As Glenn Greenwald asks in his piece for Salon.com, "If progressives aren't willing to fight Obama for the Supreme Court, what are they willing to fight him for?"
The most generous critique of the Kagan nomination is that Obama has squandered an opportunity to strengthen progressive jurisprudence on the Court. A more realistic critique is that Kagan's nomination directly assails progressive jurisprudential and political principles across a range of policy and constitutional arenas. Greenwald and others have explained Kagan's problematic record of support for expansive executive power, a derangement of the constitutional order. They have also sounded necessary alarms about her willingness to subordinate civil liberties to the "war on terror."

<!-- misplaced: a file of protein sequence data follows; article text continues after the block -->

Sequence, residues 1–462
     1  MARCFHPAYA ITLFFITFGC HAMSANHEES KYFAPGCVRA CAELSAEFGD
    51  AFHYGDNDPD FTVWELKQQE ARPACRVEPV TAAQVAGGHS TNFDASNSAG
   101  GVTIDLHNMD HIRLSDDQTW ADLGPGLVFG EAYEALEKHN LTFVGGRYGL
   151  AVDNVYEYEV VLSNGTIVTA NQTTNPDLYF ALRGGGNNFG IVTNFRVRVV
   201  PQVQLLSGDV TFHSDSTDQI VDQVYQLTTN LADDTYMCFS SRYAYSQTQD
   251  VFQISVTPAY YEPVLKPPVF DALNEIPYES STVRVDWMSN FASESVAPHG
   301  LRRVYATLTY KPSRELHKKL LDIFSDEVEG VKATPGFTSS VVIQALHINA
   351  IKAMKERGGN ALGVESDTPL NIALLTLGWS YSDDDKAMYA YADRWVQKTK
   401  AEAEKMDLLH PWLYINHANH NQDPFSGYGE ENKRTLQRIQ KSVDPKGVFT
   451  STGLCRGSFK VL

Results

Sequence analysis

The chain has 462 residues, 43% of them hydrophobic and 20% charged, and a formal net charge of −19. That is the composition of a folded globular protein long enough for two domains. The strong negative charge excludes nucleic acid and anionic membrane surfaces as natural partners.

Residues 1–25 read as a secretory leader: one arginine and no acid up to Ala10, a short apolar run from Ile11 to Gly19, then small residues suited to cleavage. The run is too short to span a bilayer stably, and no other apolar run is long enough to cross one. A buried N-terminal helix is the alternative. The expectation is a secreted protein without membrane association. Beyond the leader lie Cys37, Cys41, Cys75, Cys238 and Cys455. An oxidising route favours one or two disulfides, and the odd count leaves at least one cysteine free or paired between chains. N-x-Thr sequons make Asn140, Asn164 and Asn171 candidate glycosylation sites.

Kagan's willingness to make problematic adjustments to civil rights and liberties are not limited to the national security arena. As a domestic policy advisor in the Clinton White House, she collaborated in the most heinous social policy decision of the 20th Century: punitive welfare reform. Welfare reform embraced Blue Dog and Rehnquist-style fiscal retrenchment and federalist devolution. But it was worse even that that: 1990s welfare reform culminated a race-coded war against poor women with children by imposing inequality on them. At bottom, welfare reform demanded that low-income mothers trade constitutional liberty and equal citizenship for economic security; and it so disdained low-income mothers as mothers that it set in motion a series of policy conditions that undermine low-income single mothers to remain single or to be mothers if they do.
I hope progressives will finally resist the triangulating, difference-splitting, and play-faking we have suffered, mostly in silence, in the name of Change.
See The case against Elena Kagan - Glenn Greenwald - Salon.com